Sean’s team get the video for Prefab Sprout’s The King of Rock ‘n’ Roll, and are shown Paddy McAloon and co hanging out by a swimming pool, accompanied by a Speedo-clad hunk and a waiter with a frog’s head, before the video pauses on a robotic talking bust (as in a statue, not a lady’s chest). Richard, setting the tone for most of his appearances early on, wishes to focus on the man in his trunks, but Sean gets the first big laugh and round of applause on the show by claiming it was Irish swimmer Michelle Smith, then in the news for alleged urine sample tampering. Math believes that what happens next is that Prefab Sprout made one more album and their career nosedived – hmm, people in glass house and all that. After some more tomfoolery the correct answer is successfully given – three dancing hot dogs appear, a little bizarre but not inexplicable given the song’s lyrics.

Phill’s team get some prime late-period Rolling Stones with the video for She Was Hot, and are shown a man answering several telephones while a model reclines on a television set and breathes flames. Their guesses aren’t especially funny or interesting, although Bruce does get tongue-tied, referring to ‘the alien in Chestburster’, something that goes unnoticed, before Richard jumps in to joke that she lights her fart. Mark deems this close enough to show what happens next, which, as you can imagine, is that the young lady farts a column of flame.

Intros
One of the show’s signature rounds, I don’t think they’ve done an episode without it.

Phill and Bruce start with ABBA’s Dancing Queen. These early shows have a lot of distinctive, famous intros, perhaps understandably, and with this one done fairly well Donna gets it almost immediately.

Next, Down Down by Status Quo. Not an especially great performance, with Bruce in particular making it sound far too heavy and neither really giving much of the tune. Through no fault of her own Donna doesn’t get it; inexplicably Math does.

Reach Out, I’ll Be There by the Four Tops next – a very good performance, but Donna can’t remember the title so Math gets it.

Finally, Step On by the Happy Mondays. Bruce wants to do the distinctive piano intro but gets it wrong, so Phill takes over and does it near perfectly. Bruce’s contribution is… less perfect, and leads to him dancing on the desks. I seem to recall that early on the show was famous/infamous for this happening fairly often, with it having the whiff of pre-planned ‘spontaneity’. In hindsight it feels similar to the opening credits, an attempt to push the show as being edgier than its contemporaries, although how well it achieves those aims is open to your interpretation. Anyway, Donna doesn’t get it, so once again Math leaps in.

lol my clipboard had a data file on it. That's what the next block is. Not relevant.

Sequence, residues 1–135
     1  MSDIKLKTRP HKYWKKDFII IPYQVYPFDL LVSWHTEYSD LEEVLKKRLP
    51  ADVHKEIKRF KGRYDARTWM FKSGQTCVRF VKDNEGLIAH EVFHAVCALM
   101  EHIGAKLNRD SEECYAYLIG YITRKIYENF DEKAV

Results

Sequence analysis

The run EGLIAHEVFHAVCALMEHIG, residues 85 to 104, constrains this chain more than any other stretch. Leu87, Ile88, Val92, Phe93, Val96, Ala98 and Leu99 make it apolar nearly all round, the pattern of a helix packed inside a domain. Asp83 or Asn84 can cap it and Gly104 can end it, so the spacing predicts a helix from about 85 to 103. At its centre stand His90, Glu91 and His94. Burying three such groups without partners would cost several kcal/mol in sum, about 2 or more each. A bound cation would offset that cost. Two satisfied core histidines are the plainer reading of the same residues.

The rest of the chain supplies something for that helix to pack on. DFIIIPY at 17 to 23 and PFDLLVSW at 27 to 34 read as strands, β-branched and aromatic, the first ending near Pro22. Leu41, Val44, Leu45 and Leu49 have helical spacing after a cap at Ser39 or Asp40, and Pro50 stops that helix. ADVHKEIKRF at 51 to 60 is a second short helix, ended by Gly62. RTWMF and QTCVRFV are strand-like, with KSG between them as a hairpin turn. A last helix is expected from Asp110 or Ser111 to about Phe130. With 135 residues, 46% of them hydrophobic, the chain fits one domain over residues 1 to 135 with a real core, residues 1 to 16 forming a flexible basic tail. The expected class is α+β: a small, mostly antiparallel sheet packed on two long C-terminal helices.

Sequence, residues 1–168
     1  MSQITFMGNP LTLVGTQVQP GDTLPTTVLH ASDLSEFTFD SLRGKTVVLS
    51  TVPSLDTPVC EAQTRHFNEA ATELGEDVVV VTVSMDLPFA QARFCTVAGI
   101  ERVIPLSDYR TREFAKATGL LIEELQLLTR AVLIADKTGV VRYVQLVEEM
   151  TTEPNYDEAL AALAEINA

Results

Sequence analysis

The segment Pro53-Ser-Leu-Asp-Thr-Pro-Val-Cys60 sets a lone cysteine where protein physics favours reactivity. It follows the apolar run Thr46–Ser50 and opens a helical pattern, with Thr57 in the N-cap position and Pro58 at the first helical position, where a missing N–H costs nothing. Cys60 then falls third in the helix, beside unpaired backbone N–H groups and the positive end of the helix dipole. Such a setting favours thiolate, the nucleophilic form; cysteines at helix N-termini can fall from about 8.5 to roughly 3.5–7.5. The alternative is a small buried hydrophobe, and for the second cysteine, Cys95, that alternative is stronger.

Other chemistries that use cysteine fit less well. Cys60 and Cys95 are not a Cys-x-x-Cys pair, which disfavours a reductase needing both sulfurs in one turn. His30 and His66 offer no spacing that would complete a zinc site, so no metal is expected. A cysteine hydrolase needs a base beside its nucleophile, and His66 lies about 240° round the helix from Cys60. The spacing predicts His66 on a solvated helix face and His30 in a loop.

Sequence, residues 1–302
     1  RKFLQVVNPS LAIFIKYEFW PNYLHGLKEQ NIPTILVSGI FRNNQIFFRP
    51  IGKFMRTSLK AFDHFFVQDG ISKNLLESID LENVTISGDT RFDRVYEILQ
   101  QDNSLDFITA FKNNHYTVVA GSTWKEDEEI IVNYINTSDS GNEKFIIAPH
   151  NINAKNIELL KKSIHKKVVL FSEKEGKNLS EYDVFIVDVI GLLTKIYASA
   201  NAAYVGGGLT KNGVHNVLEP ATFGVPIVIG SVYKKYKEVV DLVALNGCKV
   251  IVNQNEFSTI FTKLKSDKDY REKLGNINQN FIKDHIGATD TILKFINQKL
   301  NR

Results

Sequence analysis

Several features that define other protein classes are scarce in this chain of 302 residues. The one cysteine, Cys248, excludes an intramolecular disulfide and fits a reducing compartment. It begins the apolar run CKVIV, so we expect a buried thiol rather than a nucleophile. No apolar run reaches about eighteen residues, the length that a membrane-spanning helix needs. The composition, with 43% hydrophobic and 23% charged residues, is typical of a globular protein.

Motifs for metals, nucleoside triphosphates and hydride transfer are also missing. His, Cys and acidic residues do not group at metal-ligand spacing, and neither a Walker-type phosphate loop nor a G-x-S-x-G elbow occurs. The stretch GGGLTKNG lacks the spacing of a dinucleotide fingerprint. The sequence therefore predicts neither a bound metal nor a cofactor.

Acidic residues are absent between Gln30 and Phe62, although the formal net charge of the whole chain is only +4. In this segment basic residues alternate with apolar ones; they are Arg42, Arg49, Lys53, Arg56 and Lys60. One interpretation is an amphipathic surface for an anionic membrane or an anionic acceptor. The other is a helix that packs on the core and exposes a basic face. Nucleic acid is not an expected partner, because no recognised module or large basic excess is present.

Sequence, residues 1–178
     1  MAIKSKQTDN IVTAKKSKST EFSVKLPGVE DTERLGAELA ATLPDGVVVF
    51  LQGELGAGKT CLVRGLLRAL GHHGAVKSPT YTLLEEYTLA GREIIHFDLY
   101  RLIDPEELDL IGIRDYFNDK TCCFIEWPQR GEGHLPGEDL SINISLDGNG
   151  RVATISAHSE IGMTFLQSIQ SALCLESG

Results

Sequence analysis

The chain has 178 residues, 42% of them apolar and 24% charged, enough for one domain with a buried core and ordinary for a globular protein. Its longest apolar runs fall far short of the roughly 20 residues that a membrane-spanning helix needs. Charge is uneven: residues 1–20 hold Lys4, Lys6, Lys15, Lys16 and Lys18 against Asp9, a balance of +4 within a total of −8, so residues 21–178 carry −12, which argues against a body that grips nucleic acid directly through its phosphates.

You’ll notice, at this point, that to begin with the show had four intros. After a couple of series it became three, and then eventually two. In some ways this is indicative of the way the show goes – these early episodes are absolutely packed with games, with very little room to breathe, chat or even tell jokes, and I suspect this is the reason why knowledgeable guests like Math flourished early on. This is pretty much the way it goes with panel shows – early Have I Got News For You episodes can feature as many as eight rounds, and even the looser, more free-form QI would rush by at a hectic pace in its first series to accommodate all the questions.

Sean and Richard get Baker Street by Gerry Rafferty. They do it well although it’s hard to do it badly, really. Math gets it.

Next we have Parklife by Blur – Richard’s impression of the guitar isn’t great but Sean, just shouting “Oi!”, gets the song over and is funny doing it, something that doesn’t happen too often in this round, with laughs usually coming from how bad the performances are. It also starts a trademark of Sean’s, which is to get the song over not through performing it but more through visual or verbal clues.

After that, I Love You Love Me Love by Gary Glitter. Richard performs the song on his own, and does a pretty god job, Sean busying himself with an admittedly very good impression of the then-reputable Mr Glitter. Math gets it.

Finally, probably the first legitimately bad performance of the series, How Soon Is Now? by the Smiths. Neither Sean or Richard really does it well, although Sean’s impression of the famous swooping guitar line is probably more distracting than anything, with their rendition making the song sound more like some bizarre avant-garde experiment in noise than an indie anthem. Math doesn’t get it, but Sean’s impression of Morrissey waving flowers is enough for Phill to get it. For the first time they play the song after, possibly to show just how bad Sean and Richard’s rendition was.

Indecipherable Lyrics
A popular round early on; unfortunately it’s rarely funny, since for the most part it just devolves into reading nonsensical, vaguely ‘random’ phrases which, presumably, have been pre-prepared by or for the guests. It’ll stick around for a while, though, so strap yourself in.

Phill’s team get Elvis Costello’s Pump It Up. After some perfunctory jokes claiming that the lyrics are indeed nothing but mumbling, and the first appearance of a ‘Well, that last bit was [title of song]…’ joke, Bruce contributes some joke lyrics. Oddly enough, when Mark says he’d like to hear them sing them along with the track, they sing the real lyrics, apparently written down by Phill since Bruce is leaning over to read them. Strange editing perhaps?

Sean’s team get Boogie Wonderland by Earth, Wind & Fire. There’s a couple of jokes about the video but not even a token effort at joke lyrics, not that I’m complaining. Richard can remember it all, except for one line.